The name “The Middle Spaces” is taken from Jonathan Lethem’s brilliant The Fortress of Solitude:
We all pined for those middle spaces, those summer hours when Josephine Baker lay waste to Paris, when ‘Bothered Blue’ peaked on the charts, when a teenaged Elvis, still dreaming of his own first session, sat in Sun Studios watching the Prisonaires, when a top-to-bottom burner blazed through a subway station, renovating the world for an instant, when schoolyard turntables were powered by a cord run from a streetlamp, when juice flowed…
In comics, the middle spaces, the spaces between panels are called “the gutter,” but the reader-provided closure that occurs in that space is a little too amazing to be relegated to the curb. Closure of that kind (or resistance to closure) isn’t just happening in comics. It is all over the place, especially in navigating the identity politics of transnational America, where disparate images are sewn/sown together to make a narrative of self and/or community.
The Middle Spaces was established in March of 2013 (though a few older posts were transferred over from an earlier incarnation called We Are In It). It explores thoughts on music, comics, race and gender (sometimes all four at once).
Why Music? Because music pervades all aspects of culture, from high art symphonies to radio commercial jingles, and of course countless pop songs. It reflects and shapes social attitudes and its affective nature provides a site where people deeply identify through both the acquisition of material objects (like all those people getting back into vinyl) and in the form of the collection of songs through which some aspect of our lives or feelings seems so clearly expressed. Because music talks across time, and is so amenable to reinvention and recreation, and unpredictable social synergies.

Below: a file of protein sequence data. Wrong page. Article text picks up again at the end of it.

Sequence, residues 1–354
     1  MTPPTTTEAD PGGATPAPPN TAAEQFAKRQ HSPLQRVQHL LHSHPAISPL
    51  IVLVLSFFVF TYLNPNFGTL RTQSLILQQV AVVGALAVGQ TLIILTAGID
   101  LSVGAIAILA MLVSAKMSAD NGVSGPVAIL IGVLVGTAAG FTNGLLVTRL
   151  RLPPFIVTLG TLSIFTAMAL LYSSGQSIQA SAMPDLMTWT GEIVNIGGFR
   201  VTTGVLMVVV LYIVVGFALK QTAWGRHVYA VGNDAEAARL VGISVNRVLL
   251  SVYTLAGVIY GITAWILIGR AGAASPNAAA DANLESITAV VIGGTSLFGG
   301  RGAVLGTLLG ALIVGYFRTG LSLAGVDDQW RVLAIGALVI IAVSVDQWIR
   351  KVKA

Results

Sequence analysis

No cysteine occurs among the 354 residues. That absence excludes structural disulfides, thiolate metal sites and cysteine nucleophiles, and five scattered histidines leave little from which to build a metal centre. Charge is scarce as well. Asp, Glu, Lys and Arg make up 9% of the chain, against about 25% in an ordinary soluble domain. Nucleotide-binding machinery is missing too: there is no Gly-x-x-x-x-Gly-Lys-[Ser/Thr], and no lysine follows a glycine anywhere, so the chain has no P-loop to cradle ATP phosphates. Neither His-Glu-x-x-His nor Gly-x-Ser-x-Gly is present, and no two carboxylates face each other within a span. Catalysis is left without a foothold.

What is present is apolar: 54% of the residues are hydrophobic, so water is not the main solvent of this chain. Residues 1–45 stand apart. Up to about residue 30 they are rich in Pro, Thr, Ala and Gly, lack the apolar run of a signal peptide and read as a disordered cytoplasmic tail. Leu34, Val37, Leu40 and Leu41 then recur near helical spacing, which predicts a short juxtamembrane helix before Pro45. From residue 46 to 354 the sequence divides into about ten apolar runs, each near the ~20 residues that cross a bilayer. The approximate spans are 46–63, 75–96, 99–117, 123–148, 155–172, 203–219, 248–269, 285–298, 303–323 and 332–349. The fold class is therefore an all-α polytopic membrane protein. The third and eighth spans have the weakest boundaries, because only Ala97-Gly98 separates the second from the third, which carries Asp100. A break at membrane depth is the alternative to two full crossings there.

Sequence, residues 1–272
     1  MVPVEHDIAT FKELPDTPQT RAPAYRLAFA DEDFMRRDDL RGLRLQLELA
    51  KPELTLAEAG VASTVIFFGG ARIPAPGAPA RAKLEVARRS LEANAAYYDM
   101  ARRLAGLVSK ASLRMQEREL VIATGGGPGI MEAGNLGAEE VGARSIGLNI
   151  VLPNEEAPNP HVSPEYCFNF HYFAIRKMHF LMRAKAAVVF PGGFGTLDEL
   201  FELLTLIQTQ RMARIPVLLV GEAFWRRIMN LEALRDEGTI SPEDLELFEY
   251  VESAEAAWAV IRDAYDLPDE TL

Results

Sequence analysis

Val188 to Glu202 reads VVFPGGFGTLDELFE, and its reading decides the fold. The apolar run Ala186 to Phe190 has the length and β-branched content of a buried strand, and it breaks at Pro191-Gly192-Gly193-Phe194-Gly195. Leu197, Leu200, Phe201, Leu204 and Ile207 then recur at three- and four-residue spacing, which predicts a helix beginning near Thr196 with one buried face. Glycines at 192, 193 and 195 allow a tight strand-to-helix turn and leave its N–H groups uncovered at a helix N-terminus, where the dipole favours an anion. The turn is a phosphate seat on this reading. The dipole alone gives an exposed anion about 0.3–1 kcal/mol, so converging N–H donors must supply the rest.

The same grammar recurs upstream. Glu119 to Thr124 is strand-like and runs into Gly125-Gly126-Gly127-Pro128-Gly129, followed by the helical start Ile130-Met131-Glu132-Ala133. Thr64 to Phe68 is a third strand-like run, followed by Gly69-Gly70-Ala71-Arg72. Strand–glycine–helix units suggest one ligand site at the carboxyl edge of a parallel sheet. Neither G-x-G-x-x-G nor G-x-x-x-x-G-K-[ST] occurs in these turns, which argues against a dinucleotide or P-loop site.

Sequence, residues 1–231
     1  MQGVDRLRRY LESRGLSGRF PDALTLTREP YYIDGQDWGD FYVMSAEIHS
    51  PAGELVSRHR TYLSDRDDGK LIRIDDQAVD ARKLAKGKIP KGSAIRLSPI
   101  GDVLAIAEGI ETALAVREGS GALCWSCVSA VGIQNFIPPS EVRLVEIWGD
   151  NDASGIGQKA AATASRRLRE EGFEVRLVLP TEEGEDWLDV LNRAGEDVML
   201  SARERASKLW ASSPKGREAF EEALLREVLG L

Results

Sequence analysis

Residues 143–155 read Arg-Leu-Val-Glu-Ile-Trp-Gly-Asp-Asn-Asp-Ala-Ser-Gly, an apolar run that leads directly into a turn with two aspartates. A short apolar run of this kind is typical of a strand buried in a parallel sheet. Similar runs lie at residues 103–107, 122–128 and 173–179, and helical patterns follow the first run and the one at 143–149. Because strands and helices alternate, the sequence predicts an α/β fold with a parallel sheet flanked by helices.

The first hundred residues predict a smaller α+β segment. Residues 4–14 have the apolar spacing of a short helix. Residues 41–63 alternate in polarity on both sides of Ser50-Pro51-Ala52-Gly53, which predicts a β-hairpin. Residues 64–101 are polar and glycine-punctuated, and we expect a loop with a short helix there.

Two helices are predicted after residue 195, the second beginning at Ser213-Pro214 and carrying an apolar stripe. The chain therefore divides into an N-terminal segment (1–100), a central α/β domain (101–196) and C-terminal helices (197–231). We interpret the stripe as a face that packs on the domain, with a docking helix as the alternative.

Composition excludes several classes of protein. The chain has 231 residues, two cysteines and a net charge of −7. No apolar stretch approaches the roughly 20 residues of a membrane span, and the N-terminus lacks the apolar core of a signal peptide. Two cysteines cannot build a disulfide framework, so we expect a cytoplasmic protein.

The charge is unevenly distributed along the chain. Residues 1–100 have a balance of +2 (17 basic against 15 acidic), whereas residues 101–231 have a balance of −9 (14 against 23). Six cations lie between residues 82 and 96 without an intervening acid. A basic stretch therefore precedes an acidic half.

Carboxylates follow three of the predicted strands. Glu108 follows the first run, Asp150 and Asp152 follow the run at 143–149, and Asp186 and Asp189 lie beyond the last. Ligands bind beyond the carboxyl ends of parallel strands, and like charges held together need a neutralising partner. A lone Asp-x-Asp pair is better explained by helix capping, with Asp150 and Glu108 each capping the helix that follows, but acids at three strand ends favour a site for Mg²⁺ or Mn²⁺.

Why Comics? As suggested above, there is something about the comics medium that draws the reader in through its demand for visual closure. Furthermore, from the seemingly undying popularity of superheroes to the detailed recording of the awkward events in autobiographical comics, they provide a model for how serialization and identity function together. In addition, like music, the material artifact is important to comics culture (though not necessarily required). The vocabulary of collection becomes the primary mode of explaining the individual’s relation to comics and what that says about that reader/collector—reflecting a social context by which an identity may cohere.
The Middle Spaces is typically updated every other Tuesday before noon, with occasional spates of more (or less) frequent posting as scheduling permits. Associated videos, sound files and comic panels can also be found on the tumblr, we-are-in-it. You can “LIKE” The Middles Spaces on Facebook here, and/or follow on Twitter.
The site is maintained and mostly written by Osvaldo Oyola. Osvaldo received his PhD in English at Binghamton University in New York State in 2014 with a focus on post-war transnational American literature, looking at how forms of collection create a framework for suturing pop culture with memory, histories and traditions to inform various forms of identity as it relates to race, ethnicity and gender. He is currently employed as a full-time lecturer in New York University’s Expository Writing Program. Osvaldo is a native Brooklynite and still lives in Brooklyn with his poet wife and two cats named for Francie and Katie from Betty Smith’s A Tree Grows in Brooklyn.
The Middle Spaces is copy-edited by Eric Gershik.
The site also welcomes guest bloggers and co-writers. See our Submit page.
All content on The Middle Spaces is © The Middle Spaces unless otherwise listed.